The rediscovery of the work of Henry de Groux is indicative of the renewed interest in the Symbolist movement. Forgotten after having a major impact on his contemporaries, de Groux’s complex art transports us into a vividly coloured, phantasmagorical world of dreams. The unstable nature of his capricious personality and his strange, mystical notions, stemming from both his genius and his idiosyncrasies, made him a painter of the imagination and movement, whose art idealized introspection and the irrational. The very large pastel Saint Michael the Archangel is a wonderful example of this wild character’s oeuvre.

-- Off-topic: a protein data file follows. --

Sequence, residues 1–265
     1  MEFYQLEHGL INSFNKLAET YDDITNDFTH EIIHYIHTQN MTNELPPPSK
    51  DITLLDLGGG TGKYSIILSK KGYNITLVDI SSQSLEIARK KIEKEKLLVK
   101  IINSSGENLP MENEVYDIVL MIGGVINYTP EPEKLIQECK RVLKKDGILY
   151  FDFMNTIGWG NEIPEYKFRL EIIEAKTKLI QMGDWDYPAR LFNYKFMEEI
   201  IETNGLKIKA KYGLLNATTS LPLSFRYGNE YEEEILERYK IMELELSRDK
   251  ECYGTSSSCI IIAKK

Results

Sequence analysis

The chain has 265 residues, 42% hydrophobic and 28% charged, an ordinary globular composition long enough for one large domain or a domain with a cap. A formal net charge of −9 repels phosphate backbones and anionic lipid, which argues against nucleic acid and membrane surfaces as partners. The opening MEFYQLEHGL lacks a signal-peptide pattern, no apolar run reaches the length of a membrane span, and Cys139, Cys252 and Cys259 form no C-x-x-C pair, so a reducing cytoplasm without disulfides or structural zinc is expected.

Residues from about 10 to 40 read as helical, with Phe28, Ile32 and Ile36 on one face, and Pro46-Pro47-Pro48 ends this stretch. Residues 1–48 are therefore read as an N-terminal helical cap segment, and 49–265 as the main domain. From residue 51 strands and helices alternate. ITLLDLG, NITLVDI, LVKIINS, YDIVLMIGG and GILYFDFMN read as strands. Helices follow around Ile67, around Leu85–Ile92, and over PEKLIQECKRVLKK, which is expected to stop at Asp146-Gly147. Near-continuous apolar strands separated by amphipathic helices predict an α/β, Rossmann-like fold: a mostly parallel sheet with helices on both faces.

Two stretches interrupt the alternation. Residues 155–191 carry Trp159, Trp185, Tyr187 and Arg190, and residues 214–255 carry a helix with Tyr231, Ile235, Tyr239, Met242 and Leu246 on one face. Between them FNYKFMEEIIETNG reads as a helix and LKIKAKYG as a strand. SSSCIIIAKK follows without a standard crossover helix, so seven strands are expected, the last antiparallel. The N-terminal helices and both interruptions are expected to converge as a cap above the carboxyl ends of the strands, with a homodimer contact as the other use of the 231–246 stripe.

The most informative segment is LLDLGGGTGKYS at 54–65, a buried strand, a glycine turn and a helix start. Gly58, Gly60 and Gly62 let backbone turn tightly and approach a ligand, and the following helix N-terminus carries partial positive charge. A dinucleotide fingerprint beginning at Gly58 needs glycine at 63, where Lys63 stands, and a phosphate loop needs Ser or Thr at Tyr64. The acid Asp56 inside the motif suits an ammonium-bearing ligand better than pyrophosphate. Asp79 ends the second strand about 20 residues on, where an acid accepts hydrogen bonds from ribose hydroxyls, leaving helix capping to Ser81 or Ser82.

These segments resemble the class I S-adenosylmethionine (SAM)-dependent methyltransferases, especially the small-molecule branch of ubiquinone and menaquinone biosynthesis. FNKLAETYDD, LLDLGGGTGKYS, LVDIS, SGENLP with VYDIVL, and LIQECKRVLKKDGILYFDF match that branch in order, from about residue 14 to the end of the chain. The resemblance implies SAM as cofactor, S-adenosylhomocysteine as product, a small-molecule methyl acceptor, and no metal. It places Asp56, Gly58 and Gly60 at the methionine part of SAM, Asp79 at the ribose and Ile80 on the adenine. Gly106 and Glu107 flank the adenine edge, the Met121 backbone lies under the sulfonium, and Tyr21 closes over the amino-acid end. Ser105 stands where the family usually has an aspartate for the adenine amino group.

Leader of the heavenly armies and, incidentally, the patron saint of Brussels, Michael is often associated with the archangels Raphael and Gabriel, or with warrior saints like Saint George. In this work de Groux shows him in a position of weakness. Echoing his Mocking of Christ, the artist’s resounding affirmation of the greatness of the vanquished, his Saint Michael the Archangel is an ambiguous figure, alone and in chains, his shoulders drooping and a lost look in his eyes, but is nonetheless depicted with the attributes heralding his final victory.